Q. Do you think we’re lacking revolutionary startups that are really going to make a difference in the world and not just another app currently? — Lauren Holliday
Lauren — I don’t — I’ve seen some really cool startups in YC — ones working on energy, self driving cars, tons of bio tech, rockets….
Q. As someone with experience in live-streaming, do you think Meerkat is a real game changer (and have you seen Periscope yet)? — Eric Willis
I think the press disproportionately writes about the products every day people use — which makes it lean more toward “apps” — but that makes sense — people like reading about what they use. My time in live video is over — I celebrate anyone trying to make that game work
Q. Has the rising cost of living in SV/SF had any impact on the quality of engineering talent? — Eric Willis
Not as far as I’ve seen — tech startups tend to have super high margins — so they can afford to pay engineers — also software engineers are the most leverage-able employees
Q. What do you, or other YC partners/alumni look for in hiring early stage developers? — Zane Wolfgang Pickett
Good question — a founder mentality — ability to work fast, not interested in building perfect things, passion for the product, willing to talk to customers, willing to work off hours, wants to commit their mind to all aspects of the business
Q. Do you ever feel like we’re all just working/investing in products that make life for the upper middle-class NA internet user better? What should founders do to combat the bias we all have towards things that make our privileged, immediate lives simpler? What advice would you give someone with significant talent at design/development of apps who wants to build things that make life for **everyone** around the world better… — David Hariri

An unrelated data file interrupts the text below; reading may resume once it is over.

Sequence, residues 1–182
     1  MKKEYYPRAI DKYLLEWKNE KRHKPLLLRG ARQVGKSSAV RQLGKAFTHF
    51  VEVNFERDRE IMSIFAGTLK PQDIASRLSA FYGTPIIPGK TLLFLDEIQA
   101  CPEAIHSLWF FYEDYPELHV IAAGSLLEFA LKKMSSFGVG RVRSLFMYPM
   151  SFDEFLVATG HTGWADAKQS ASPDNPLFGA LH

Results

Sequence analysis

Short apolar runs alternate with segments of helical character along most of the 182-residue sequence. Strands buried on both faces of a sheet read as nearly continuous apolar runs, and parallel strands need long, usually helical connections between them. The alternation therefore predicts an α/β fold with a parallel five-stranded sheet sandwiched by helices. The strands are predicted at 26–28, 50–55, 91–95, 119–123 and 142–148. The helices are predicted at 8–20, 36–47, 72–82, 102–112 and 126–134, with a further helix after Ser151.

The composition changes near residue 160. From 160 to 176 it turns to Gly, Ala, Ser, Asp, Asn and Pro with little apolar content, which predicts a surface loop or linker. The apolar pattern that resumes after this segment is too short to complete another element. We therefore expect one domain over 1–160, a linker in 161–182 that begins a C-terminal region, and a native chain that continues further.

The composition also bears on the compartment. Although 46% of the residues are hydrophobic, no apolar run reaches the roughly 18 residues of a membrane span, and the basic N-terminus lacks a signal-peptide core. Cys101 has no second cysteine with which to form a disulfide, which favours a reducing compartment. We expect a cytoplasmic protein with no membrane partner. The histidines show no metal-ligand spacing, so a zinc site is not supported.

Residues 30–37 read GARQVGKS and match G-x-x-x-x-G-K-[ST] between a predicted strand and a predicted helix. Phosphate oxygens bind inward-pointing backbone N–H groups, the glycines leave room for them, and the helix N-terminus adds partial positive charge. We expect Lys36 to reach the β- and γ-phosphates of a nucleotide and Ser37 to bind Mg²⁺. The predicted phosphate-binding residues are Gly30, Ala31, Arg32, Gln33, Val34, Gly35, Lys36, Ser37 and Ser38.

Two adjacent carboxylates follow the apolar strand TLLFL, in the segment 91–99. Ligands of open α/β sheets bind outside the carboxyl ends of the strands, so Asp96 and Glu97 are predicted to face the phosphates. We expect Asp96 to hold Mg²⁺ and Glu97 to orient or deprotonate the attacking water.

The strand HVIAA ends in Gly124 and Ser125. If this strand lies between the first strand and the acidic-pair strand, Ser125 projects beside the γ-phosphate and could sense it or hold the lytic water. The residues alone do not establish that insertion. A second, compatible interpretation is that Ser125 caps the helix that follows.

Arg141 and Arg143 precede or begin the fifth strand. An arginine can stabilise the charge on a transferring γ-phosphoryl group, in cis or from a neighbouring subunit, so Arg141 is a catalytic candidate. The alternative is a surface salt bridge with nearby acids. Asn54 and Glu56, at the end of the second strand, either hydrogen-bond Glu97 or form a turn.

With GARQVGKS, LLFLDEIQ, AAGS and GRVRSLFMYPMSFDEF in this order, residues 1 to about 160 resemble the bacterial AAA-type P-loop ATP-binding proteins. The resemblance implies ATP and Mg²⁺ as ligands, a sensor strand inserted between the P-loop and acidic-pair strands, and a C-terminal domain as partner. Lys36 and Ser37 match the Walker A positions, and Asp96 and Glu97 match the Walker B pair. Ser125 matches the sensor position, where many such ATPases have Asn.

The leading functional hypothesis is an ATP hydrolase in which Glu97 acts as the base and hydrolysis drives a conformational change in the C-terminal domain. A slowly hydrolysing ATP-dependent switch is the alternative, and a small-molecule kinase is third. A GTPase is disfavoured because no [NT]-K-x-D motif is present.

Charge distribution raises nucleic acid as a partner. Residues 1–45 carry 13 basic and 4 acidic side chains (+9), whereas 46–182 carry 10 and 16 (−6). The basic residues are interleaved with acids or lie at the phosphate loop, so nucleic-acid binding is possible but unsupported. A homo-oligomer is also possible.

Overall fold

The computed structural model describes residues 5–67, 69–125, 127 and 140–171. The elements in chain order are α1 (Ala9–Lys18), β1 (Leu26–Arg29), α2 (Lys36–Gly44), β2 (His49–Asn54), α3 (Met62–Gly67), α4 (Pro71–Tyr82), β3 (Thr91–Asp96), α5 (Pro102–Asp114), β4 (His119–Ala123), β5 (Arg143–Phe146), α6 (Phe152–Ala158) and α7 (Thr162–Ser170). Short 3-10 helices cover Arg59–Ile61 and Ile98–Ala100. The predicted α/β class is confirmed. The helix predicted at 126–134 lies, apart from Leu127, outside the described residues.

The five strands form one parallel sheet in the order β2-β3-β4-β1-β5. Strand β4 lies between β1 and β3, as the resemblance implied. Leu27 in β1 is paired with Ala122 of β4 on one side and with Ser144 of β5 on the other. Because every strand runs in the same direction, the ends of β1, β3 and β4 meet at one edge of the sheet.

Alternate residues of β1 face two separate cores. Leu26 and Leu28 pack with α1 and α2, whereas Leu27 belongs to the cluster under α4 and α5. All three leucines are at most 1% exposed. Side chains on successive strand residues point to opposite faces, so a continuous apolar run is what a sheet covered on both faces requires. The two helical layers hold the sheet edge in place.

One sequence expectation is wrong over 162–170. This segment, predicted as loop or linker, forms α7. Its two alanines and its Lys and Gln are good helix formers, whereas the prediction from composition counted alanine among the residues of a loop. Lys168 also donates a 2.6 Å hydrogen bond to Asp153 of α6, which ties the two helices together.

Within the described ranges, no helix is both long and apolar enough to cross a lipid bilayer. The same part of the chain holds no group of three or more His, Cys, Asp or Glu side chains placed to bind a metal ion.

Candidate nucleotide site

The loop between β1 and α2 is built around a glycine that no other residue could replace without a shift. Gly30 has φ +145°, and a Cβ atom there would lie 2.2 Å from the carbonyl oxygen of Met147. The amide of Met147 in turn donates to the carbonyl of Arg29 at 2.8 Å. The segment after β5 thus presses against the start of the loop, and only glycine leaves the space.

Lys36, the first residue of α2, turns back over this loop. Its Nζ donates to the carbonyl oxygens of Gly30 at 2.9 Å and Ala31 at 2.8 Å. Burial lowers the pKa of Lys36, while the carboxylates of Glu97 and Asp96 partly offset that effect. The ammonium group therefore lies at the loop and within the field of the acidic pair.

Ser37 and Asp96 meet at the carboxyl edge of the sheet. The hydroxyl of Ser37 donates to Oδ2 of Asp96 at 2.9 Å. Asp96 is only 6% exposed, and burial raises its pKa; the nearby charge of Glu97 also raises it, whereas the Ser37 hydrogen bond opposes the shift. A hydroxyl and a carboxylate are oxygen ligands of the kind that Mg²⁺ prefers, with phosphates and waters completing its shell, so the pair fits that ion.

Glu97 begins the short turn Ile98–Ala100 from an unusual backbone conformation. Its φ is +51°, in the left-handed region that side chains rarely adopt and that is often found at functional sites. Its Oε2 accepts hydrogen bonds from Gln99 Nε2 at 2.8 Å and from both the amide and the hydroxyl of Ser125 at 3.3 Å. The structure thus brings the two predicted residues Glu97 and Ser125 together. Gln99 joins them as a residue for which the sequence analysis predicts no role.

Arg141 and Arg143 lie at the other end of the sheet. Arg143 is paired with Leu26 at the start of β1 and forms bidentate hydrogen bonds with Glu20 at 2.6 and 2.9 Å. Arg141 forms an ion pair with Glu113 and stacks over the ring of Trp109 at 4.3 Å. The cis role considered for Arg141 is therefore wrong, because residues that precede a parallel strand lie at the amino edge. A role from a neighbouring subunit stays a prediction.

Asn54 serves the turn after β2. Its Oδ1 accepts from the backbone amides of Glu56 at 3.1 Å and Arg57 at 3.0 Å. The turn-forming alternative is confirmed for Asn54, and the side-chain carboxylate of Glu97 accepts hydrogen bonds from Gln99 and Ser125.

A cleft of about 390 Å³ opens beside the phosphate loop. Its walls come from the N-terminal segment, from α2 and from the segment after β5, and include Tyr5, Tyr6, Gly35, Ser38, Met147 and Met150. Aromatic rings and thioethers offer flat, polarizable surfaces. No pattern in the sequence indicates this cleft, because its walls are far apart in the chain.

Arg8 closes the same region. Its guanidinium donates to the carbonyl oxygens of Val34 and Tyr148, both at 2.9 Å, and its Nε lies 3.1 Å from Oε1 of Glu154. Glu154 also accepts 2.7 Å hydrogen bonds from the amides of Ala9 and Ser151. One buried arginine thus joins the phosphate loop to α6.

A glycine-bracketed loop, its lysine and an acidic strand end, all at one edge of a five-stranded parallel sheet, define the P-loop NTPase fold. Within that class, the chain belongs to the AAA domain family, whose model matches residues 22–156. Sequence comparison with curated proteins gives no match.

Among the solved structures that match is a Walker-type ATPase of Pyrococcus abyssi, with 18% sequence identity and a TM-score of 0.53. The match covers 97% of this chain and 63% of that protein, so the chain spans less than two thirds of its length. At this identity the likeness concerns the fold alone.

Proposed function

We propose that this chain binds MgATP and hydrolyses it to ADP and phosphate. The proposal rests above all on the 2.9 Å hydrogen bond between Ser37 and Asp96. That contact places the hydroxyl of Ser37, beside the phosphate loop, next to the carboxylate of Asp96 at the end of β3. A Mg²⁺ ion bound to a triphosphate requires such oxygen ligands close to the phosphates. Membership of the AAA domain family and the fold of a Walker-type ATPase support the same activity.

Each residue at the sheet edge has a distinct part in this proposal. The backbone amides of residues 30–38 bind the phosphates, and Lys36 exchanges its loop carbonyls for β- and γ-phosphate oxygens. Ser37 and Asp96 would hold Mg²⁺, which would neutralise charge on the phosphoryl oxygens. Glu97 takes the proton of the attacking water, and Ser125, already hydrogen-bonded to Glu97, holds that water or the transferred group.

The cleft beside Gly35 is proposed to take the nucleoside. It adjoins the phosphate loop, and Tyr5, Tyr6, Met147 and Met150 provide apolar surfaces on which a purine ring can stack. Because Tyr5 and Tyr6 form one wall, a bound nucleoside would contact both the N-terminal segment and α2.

I think people build products for themselves — I think the best way to combat this problem is to expose a much more diverse (racial, economic, religious, etc) set of people to the opportunity to start a tech startup
Q. What do you think about “We are in a tech bubble?” — Grigorii Liubachev
I think tech will be a dominant industry for the next 100 years — there will be highs and lows — but it will continue to trend up and to the right
Q. Whats the next problem you would like to solve, or see solved? — Zane Wolfgang Pickett
Honestly i think there will be some great products for people who have kids — I still see raising kids (especially under 6) as a big problem a lot of people face
Q. I’m looking to raise another round of funding at less than $1 mil valuation…VC firm looking to fund me advises I raise a convertable with a $2 min cap…but then I heard about SAFE which one is better for my 6 month old startup? In two sentences basically :p the disadvantages of both — Nicholas Sheriff
The YC safe is the best instrument for raising money. No terms to negotiate — just the cap. Also — it isnt debt. But beware of other SAFE’s, you have to read them carefully — not all the same. Also — I advise the the first money in shouldn’t buy more than 5–10% of your company, at that cap — keep the dollar amount low
Q. Do you think colleges are going to die? how long if so? — Lauren Holliday
I dont think colleges are going to die — but i dont think they do a great job of preparing people for employment (even the best ones) — i dont know what will happen in the future to solve this
Q. Do you invest in companies outside of YC? — Daniel Kempe
Very very rarely
Q. Do you plan to do another startup? — Eric Willis
Uhhh — I don’t think so but who knows — I’m only 32
Q. Is YC interested in solving that problem — the college one? — Lauren Holliday
Lol — YC doesn’t solve problems — our founders do — if you want to tackle that one you should apply and we will help
Michael.. Thanks for taking the time to meet with us. This was a great AMA… you answer questions very quickly…
Thanks — this was fun — have a great day everyone!